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Music Courses & Research: MU 318 & MU 461

MU 318 20th Century Music

A Research Plan

The research strategy you experienced in MU 315 also still applies! Remember, it looks something like this:

  1. Gathering background information from credible sources--these may be actual encyclopedias or they may not be. Get relevant keywords and an idea of the scope of the topic, plus possible categories.
  2. Moving on to more in-depth sources to get the meat of your information. This could be books or something else that is in-depth.
  3. Moving on to more specific sources to fill in the details. These will be journal articles or whatever applies in your case (interviews--it really depends).

Additional suggestions for the course

The tab titled "Web" will give you the most insight into researching more contemporary musicians and composers. If your topic is a more traditional research topic, then our more traditional resources still apply.

Think Creatively

  • Official bio pages (on their personal website, their publisher's website, etc)
  • Interviews with your composer/musician, whether in official publications or with established blogs/websites
  • Reviews
    • Publications, such as trade magazines and popular magazines specifically about music, that are aimed towards performers (not scholars) in the field are good. Find in our databases and online.
  • Liner notes from your favorite singer's recording of the song should be a wealth of information and explain how they were led to their interpretation.
  • Intelligent critics in respected newspapers/magazines such as The New York Times and The New Yorker (often an in-depth article of the kind in The New Yorker will put things into context and summarize the general critical views before jumping into criticism of a current performance).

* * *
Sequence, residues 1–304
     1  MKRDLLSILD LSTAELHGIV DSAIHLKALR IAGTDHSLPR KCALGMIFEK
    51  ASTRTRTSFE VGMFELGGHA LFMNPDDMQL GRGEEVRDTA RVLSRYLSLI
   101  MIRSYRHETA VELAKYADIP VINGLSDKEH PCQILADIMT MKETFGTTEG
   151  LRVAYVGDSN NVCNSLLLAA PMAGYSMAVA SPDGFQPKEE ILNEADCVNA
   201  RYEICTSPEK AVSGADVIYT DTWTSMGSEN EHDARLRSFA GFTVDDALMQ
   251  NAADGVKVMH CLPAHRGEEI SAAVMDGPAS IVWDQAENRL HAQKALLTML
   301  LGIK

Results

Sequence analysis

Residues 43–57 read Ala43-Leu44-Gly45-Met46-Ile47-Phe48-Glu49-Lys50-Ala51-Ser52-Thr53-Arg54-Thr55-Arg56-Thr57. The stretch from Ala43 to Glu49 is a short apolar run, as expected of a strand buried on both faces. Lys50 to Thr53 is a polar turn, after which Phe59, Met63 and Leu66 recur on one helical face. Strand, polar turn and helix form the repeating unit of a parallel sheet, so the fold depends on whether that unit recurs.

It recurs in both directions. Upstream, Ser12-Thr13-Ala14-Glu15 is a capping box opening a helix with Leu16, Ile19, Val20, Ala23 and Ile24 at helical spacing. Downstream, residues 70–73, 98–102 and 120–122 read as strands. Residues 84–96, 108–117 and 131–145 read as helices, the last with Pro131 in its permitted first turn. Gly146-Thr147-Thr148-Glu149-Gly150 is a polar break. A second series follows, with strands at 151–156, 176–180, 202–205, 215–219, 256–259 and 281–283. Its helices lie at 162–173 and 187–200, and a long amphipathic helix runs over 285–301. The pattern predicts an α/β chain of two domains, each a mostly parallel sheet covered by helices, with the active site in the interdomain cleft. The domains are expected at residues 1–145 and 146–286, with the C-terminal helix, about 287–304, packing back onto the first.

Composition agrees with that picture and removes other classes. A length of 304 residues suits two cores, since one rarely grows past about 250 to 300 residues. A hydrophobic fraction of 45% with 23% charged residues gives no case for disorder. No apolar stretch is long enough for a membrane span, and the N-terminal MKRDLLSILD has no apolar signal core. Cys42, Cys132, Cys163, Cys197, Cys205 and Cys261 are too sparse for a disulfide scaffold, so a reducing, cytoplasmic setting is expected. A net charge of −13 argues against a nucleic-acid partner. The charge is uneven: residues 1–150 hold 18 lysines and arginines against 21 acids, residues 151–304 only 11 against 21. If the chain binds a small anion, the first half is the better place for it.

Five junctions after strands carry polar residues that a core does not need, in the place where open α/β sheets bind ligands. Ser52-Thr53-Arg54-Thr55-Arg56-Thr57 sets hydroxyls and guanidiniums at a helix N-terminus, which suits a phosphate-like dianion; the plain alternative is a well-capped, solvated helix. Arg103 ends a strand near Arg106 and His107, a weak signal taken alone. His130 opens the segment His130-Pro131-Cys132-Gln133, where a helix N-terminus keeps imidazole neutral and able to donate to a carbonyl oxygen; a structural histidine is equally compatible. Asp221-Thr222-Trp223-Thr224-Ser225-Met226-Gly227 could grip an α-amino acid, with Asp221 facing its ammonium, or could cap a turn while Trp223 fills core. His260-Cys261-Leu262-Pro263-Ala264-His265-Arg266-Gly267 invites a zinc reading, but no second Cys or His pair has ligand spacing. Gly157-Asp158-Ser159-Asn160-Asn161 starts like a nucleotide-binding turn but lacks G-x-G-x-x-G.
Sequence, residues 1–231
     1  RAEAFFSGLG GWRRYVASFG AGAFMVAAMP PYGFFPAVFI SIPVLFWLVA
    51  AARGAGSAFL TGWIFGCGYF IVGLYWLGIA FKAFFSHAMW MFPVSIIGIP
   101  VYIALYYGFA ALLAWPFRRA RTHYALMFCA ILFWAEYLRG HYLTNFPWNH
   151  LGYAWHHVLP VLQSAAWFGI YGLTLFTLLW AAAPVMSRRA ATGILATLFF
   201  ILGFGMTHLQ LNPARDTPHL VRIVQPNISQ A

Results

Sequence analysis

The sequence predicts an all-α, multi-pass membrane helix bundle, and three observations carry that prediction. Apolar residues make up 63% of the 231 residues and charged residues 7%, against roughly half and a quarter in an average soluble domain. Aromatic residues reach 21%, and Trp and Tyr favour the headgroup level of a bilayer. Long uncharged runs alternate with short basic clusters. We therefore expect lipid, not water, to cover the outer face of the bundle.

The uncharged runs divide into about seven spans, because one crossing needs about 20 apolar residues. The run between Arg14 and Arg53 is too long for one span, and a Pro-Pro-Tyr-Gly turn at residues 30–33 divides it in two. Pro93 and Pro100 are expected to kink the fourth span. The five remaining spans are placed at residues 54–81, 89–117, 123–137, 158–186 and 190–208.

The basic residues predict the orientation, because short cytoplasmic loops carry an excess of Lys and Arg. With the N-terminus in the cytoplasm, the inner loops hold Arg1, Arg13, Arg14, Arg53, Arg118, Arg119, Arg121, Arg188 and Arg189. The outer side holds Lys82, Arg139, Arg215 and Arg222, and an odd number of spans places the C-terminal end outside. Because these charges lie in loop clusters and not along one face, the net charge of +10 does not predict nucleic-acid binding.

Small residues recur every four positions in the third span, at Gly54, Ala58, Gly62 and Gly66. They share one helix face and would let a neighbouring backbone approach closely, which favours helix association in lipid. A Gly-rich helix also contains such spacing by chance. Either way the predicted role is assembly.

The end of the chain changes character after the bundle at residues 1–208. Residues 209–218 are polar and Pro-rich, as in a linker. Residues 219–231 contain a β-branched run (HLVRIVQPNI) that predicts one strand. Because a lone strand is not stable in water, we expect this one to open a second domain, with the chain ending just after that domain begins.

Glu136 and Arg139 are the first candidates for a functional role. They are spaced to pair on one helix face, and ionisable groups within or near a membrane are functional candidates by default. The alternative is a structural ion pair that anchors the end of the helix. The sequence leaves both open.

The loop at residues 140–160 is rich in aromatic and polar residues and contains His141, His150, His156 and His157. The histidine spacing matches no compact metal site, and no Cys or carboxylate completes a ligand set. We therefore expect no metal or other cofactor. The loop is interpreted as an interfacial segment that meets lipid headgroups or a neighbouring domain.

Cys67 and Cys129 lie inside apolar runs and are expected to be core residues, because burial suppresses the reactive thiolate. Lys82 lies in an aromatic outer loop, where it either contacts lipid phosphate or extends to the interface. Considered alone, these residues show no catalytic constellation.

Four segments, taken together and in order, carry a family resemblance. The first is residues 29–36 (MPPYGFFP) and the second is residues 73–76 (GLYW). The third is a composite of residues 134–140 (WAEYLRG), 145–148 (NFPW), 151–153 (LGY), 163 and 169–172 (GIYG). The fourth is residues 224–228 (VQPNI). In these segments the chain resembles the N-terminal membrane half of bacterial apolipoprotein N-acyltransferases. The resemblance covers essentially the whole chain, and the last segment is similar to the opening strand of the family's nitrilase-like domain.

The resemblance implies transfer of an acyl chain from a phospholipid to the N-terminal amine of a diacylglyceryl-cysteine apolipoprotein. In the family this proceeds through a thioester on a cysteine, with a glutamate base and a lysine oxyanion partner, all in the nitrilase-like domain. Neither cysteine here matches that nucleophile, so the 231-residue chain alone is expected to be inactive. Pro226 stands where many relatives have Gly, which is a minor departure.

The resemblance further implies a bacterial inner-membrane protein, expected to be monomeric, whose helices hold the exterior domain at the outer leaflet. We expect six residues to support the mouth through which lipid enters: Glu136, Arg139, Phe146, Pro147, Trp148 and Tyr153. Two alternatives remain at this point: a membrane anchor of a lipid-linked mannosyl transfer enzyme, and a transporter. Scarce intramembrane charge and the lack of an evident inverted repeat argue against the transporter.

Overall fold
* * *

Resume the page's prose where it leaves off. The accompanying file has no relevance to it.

• State and local newspapers reviewing world premieres of composers' new works are also often the sole place to discuss world premieres of less-established composers.

You can find research articles on a piece AND reviews of performances in the music databases.




Citation Examples in Chicago/Turabian

Citing a Web Page: Follow this general format:

Hagenberg, Elaine. “About.” Elaine Hagenberg Music. Accessed March 15, 2019.

Look for these things:

  • Author or responsible party
  • Title of the actual page--put inside quotes
  • Title of website--not italicized. May be excluded if not applicable
  • Date of access, written as above
  • url

Citing a Score:

Author name. Title of Score. Edited by Name (if there is no editor, leave this part out). Place of publication: Publisher, year. (if there is no place, leave that part out; if there is no publisher and/or it was published online, say the year and then paste the url).

Specific score example:

Salfelder, Kathryn. Shadows Ablaze. Kon Brio, 2015.

  • Above you see that the place was left out as there was none, and the url was included as it was published online.